Secretary of State Colin Powell, set to visit the Mideast next week, has informed Yasser Arafat he is opposed to "targeted killings" of Palestinians, a strategy employed by Israel as part of its counterterrorism policy.
Powell informed the Palestinian leader of his position Wednesday after a Palestinian driver, who friends said was distraught over Arab casualties in weeks of Middle East violence, rammed his bus into a packed bus stop near Tel Aviv and killed seven Israeli soldiers and a civilian. It was the deadliest Palestinian attack in four years.
Violence has risen sharply since conservative Ariel Sharon defeated Ehud Barak in a landslide victory in the Feb. 6 vote for the premiership.
Barak will be caretaker prime minister until Sharon forms a government. Coalition talks were due to continue on Thursday between Sharon's right-wing Likud party and Barak's centre-left Labor Party.
During a 15-minute telephone call, Powell urged Arafat to try to curb the violence. Similar appeals are being made to Israel.
Arafat told Powell he had condemned "the killings, and the violence, and the bus attack that took place today," State Department spokesman Richard Boucher said.
Zalman Shoval, a former Israeli ambassador to Washington and one of three emissaries sent to Washington by Sharon said Israel would chose its methods of retaliating to terrorism.
Responding to Palestinian condemnation of "political assassinations," Shoval told reporters that "assassination is not the right word when you fight terrorism."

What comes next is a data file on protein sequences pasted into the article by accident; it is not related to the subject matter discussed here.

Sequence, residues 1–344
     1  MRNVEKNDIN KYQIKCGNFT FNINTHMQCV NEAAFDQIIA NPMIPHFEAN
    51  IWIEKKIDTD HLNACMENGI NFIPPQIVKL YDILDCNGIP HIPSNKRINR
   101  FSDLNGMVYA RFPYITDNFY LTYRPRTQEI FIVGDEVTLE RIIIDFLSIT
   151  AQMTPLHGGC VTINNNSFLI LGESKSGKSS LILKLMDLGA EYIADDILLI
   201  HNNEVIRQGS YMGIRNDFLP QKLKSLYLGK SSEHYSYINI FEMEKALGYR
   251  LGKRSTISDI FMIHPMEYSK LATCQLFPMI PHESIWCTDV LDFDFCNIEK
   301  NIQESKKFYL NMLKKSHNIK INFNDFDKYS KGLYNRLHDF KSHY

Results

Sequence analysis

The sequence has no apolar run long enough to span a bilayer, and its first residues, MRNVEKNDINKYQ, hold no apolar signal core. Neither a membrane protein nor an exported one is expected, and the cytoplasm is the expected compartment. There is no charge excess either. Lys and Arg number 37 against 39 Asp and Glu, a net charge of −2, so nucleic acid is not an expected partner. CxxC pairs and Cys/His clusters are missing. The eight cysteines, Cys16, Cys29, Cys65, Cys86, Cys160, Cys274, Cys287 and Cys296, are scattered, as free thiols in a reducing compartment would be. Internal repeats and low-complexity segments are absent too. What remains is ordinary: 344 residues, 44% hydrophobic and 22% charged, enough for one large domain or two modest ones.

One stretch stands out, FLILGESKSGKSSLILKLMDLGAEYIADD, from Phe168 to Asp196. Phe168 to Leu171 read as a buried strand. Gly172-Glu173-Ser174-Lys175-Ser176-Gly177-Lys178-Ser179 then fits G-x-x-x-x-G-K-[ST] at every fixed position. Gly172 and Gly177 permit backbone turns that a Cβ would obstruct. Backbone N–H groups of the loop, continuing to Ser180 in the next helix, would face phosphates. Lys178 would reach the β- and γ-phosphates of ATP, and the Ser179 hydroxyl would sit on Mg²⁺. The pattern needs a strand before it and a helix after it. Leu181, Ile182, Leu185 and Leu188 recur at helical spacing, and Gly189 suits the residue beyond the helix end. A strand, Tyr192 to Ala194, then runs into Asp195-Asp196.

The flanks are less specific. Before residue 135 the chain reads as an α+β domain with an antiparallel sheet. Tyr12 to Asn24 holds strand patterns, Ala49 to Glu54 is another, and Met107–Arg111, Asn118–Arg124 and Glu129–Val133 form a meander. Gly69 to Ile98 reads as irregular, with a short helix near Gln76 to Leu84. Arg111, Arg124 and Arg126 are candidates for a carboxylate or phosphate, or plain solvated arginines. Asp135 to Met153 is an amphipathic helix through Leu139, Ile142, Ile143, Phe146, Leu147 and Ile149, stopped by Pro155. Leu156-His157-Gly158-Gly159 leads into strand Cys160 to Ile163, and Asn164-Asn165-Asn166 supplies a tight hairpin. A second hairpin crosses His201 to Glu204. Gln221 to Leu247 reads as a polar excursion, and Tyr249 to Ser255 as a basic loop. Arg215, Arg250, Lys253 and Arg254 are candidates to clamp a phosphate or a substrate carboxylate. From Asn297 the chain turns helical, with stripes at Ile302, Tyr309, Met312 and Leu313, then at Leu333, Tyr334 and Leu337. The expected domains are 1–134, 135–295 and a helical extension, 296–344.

Later, Mark Regev, the Israeli Embassy spokesman, said his government finds it preferable to respond to terrorism by targeting a known terrorist than to exact "collective punishment" in which innocent people could be harmed.
Israel has killed several suspected militants in recent months. On Tuesday, two helicopter gunships struck at Massoud Ayyad, 54, an officer in Arafat's elite Force 17 bodyguard unit, as he drove on the outskirts of a Palestinian refugee camp on the Gaza Strip. Ayyad died as a missile blew his car apart, shattering windows up and down the street, and Barak congratulated the army for killing him.
On a visit to Turkey, Arafat said, based on available information about the bus incident outside Tel Aviv, "It was a road accident." The Palestinian leader said, however: "Whatever the cause, of course we are against the killing of people in whatever capacity."
"We are against all acts of violence, the military escalation and all acts of terrorism," he said.
President Bush, meanwhile, said he strongly condemned "the terrible act of violence" at the bus stop and said violence "needs to stop."
Bush did not take sides and said the United States would "continue to work with all parties to try to restore calm in the region."
Dore Gold, a former Israeli ambassador to the United Nations, said recent attacks on Israelis originate with the military arm of Fatah, the main body in Arafat's Palestine Liberation Organization, and with Force 17.
"These are not spontaneous acts of violence," Gold said after a half-hour meeting that he, Shoval and Moshe Arens, a former Israeli foreign and defense minister, held with Powell.
Warning that Israel would retaliate, Shoval said: "The Israeli government has a duty and right to protect itself against terrorism."
Arafat is capable of halting attacks on Israel, Shoval said. "The onus is really on Yasser Arafat, and hopefully he will live up to that challenge," he said.
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